[from Memoirs of Bishop Hildesley]
Major VALLANCEY to the Rev. P. MOORE
Dublin, Dec.26, 1780.
My Dear Sir,
The few leisure moments I could command from publick business, which of late has been very brisk, I have dedicated to my favourite pursuit, in the study of Celtick dialects and antiquities. In my career, I have perused the Manks Bible and Testament, with great pleasure, and much instructtion. I admire the simplicity and force of the language, and the beauty of the version, where many vulgarisms have crept into the Irish translation : such as, your cur mian air, for our feuch, " behold ;" and many others.
The booksellers have called on me for a new edition of my Grammar. I have in this edition new-modelled the Syntax, and flatter myself there is no part of speech, no adventitious construction, left unexplained. In my pursuit after Celtick history, I fastened on a clue, which I have unravelled ; and it explains and reconciles the traditions of the ancient Irish historians with that of all others. The heads I have thrown into the Preface ; leaving the detail for others, or for my own amusement, at a more leisure opportunity.
I flatter myself also that I shall make the Iberno-Celtick an instrument of confirmation in the cause of the Protestant religion, if it wanted such a support. Thanks to our great Redeemer, it does not : but, in the " ORATIO DOMINICA plus centum linguis," published in London, in 1700, dedicated to the bishop of London ; and in a second edition of it, published in Amsterdam, with fifty-two additions by the learned Chamberlayne, assisted by Wilkins, Wotton, Reylandius, &c. &c. is the Oratio of those primitive Christians, the Waldenses of the Alps, (not the Vaudois of Lyons, followers of Waldo ;) and this Oratia is not only Irish, but more grammatically expressed than our Prayer, in any of our compositions. I have pursued this affair closely, and find, that the Old and New Testament, written in 1100 in that language, was deposited iln Cambridge Library by the famous Morlan, ambassador to Turin from Oliver Cromwell, in behalf of those poor people. I am in daily expectation of the transcript, which is said to be handed down in their church since the second century. It may be a valuable discovery.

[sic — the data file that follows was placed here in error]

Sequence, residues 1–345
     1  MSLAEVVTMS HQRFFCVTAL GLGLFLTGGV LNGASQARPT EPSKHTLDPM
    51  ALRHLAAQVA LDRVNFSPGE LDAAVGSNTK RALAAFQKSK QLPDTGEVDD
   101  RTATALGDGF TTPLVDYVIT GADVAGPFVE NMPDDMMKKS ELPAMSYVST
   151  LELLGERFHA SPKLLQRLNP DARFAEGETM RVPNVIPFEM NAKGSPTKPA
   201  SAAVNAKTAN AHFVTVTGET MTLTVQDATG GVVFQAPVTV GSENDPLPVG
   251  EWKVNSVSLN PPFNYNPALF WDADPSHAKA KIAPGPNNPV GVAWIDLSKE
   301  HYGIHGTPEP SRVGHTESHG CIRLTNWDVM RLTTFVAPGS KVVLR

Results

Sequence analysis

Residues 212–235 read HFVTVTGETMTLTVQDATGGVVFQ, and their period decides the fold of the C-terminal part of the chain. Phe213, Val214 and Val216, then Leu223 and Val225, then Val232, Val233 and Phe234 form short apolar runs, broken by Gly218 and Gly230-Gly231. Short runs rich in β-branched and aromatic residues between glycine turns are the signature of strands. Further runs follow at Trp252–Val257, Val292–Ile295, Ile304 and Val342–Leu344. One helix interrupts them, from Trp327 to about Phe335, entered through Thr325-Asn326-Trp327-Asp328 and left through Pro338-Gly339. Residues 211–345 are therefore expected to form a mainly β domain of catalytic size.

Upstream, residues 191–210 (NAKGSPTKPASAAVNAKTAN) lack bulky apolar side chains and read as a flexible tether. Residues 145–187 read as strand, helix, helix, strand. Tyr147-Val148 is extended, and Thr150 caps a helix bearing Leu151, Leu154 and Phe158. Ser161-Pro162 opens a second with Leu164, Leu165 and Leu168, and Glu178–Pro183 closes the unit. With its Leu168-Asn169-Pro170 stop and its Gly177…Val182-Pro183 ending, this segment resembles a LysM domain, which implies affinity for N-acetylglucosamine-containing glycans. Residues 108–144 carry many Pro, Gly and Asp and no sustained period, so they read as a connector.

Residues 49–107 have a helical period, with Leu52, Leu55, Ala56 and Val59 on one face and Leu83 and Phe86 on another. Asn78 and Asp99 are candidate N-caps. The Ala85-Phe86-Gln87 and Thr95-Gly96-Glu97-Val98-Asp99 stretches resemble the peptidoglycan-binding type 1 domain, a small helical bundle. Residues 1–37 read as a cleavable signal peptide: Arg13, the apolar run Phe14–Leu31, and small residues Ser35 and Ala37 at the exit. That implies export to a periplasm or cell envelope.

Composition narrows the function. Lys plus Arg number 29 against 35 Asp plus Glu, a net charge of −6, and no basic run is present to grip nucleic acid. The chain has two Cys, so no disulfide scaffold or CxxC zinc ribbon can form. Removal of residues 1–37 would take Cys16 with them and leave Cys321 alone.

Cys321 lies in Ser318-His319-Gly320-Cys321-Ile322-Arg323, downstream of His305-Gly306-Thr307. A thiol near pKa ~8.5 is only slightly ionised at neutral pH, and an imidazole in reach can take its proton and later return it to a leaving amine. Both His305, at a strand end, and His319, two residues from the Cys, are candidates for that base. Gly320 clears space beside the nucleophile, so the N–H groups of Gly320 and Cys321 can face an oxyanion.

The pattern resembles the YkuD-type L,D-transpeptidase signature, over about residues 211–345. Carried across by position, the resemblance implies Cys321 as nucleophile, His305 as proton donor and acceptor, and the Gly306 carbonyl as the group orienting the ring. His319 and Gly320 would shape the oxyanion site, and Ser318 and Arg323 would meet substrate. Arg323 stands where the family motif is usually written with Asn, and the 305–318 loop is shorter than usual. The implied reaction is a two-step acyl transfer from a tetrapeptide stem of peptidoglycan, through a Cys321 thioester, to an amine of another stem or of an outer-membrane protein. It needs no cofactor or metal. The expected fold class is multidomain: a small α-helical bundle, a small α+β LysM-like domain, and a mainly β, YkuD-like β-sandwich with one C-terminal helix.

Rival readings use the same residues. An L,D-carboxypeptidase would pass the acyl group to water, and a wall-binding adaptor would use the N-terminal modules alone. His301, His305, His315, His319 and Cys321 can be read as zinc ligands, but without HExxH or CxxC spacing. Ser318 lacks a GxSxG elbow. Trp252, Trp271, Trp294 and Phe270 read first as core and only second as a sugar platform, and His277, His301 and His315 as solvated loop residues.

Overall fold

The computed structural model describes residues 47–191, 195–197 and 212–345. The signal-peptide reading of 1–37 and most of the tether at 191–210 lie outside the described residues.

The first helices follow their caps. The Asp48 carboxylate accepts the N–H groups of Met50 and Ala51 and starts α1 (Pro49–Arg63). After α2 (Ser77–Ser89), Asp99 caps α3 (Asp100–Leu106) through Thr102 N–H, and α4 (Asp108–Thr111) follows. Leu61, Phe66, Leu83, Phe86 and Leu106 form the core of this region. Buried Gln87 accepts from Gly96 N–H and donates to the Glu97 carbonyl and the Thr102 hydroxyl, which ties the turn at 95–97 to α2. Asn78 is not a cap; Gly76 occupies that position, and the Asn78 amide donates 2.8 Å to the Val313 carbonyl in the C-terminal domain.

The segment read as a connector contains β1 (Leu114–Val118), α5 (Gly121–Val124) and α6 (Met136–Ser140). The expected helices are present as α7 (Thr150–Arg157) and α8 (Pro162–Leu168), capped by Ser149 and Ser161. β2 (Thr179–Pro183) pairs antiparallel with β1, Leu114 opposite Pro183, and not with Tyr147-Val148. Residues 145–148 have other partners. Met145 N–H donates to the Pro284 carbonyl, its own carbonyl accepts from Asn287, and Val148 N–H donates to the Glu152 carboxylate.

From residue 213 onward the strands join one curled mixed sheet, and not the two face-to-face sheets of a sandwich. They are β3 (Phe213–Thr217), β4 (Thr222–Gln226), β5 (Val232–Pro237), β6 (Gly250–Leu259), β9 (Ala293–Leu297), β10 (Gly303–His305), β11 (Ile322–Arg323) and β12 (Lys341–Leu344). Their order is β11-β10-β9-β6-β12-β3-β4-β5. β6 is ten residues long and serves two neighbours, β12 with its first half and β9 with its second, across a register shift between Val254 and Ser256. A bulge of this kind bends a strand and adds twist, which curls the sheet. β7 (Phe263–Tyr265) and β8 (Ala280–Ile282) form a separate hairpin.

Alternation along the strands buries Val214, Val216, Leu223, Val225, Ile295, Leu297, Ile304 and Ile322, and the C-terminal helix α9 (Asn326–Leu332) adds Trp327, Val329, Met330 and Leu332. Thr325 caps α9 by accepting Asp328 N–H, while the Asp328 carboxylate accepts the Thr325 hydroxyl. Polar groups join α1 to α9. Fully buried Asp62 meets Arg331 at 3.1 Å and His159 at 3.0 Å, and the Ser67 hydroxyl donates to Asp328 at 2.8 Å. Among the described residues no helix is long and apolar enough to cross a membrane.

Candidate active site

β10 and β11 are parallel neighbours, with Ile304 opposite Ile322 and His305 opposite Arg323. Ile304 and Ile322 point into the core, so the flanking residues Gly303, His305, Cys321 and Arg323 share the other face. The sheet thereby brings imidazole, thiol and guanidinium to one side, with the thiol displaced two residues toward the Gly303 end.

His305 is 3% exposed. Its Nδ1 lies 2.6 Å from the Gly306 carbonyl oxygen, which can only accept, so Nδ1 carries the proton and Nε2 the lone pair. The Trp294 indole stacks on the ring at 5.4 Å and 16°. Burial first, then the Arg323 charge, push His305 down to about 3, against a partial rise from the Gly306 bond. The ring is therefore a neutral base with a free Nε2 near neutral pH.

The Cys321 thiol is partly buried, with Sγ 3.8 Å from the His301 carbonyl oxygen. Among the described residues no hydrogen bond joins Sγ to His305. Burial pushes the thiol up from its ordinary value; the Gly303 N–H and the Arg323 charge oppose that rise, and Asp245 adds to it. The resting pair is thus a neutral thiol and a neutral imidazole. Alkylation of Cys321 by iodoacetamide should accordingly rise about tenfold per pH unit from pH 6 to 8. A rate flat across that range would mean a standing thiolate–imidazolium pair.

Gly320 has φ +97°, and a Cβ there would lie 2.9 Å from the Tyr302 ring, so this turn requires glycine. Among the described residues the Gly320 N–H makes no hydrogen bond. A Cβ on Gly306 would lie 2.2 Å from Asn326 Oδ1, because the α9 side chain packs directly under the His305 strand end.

I shall take the first opportunity of sending you the new Grammar, through our friend Mr. Black ; from whom I have often the pleasure of hearing of your good health.
Permit me to expect an early line from you and accept the compliments of the season, most warmly offered by,
Your very sincere
and affectionate servant,